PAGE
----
Returning in 1983, everything seemed less intimidating. We knew the way up the lower face. The weather also smiled on us with no major storm during September. On October 8, three of us reached the summit on a warm, sunny, and windless day; three more followed on the 9th. We then had our first major storm that created tremendous avalanche danger and eliminated anyone else’s thoughts of reaching the summit. If this storm had arrived a few days earlier, we would have failed yet again.

No film crew, no reporter, no bad weather, certainty about which way worked, high morale helped by rapid progress, and wonderful weather. The 1981 and 1983 expeditions could not have been more different. No close calls or heroics. The gods truly smiled on us.

How does this inform a life since focused on science? Major lessons:

  1. The journey is more important than the endpoint. In science or life, little time is spent at 28,000 ft.
  2. Persistence is important, even when failure seems certain.
  3. Success or failure depends on the quality of the people you are with. Trust is essential.
  4. In science, like life, optimism and confidence make a huge difference. You cannot do more than you can imagine as possible.
  5. K2 taught me what a mistake it is to prematurely judge people. We underestimated the humanity of our porters on K2. It is equally dangerous to conduct experiments without being open to surprising results.
  6. As in climbing, you have to expect unexpected challenge and surprise in science. You simply do not know what you will encounter.

The mountains have shown me the difference between disappointing experiences, such as rejection of a grant application by an NIH study section, from the truly devastating, such as losing a fellow climber as almost happened to my comrade, Jim Wickwire.

Success on K2 required preparation, and persistence when failure seemed certain, a break in weather in early September that made the summit possible. Success in science requires the same qualities. Luck plays an equal role in choosing a scientific problem, since it is often not clear if technology is up to the task, and there are always unexpected surprises that block or delay progress.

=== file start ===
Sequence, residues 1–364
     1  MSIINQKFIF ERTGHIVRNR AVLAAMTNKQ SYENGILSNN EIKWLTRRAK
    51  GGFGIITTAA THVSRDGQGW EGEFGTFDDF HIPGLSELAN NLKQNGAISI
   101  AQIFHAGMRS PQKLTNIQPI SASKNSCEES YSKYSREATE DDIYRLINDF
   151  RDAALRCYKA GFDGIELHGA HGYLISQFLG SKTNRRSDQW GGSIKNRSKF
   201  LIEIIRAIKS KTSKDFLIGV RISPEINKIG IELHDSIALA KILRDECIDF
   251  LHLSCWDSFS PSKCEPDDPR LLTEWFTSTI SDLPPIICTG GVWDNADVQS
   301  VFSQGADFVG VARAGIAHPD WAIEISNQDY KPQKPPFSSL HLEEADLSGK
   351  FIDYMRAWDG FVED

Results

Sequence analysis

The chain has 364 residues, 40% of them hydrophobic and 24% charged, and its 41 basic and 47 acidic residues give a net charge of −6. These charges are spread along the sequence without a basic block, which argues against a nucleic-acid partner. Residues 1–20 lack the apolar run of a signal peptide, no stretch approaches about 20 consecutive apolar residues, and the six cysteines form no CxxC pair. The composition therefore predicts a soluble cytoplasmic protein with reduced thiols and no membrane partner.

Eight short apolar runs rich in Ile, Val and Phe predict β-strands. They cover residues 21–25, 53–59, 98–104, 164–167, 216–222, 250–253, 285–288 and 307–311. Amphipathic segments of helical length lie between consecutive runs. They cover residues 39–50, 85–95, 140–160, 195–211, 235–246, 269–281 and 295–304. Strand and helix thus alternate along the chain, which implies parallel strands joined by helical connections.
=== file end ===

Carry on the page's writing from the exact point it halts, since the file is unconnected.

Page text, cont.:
The gods truly smiled on us by giving Jim Wickwire the strength and willpower to survive a bivouac, and bless us with good weather during the long descent when we had no food or fuel reserves. Tremendous hubris is required to venture into the unknown of 8812 meters or scientific exploration. Scientists and mountaineers share an addiction to adventure: “Whatever you can do or dream you can, begin it. Boldness has genius, power and magic in it.”

Currently, neuroscientists find themselves in a similar position to ours when we first challenged the east face of Mount Everest. We have developed tremendous technologies in genetics, microscopy, and imaging that have informed our understanding of human sensory perception, memory, cognition, and behavior at the same time as we are challenged by an aging population faced with degenerative diseases, such as Alzheimer’s, and have increased awareness of behavioral disorders, such as autism, depression, and schizophrenia.

My current position at the Simons foundation certainly involves as much adventure as Everest or K2: Our goal is to support science focused on overcoming the most challenging barriers to more effective diagnosis and treatment of autism, an adventure to make lives better. Wish me luck in the final episode in my career!

Thank you.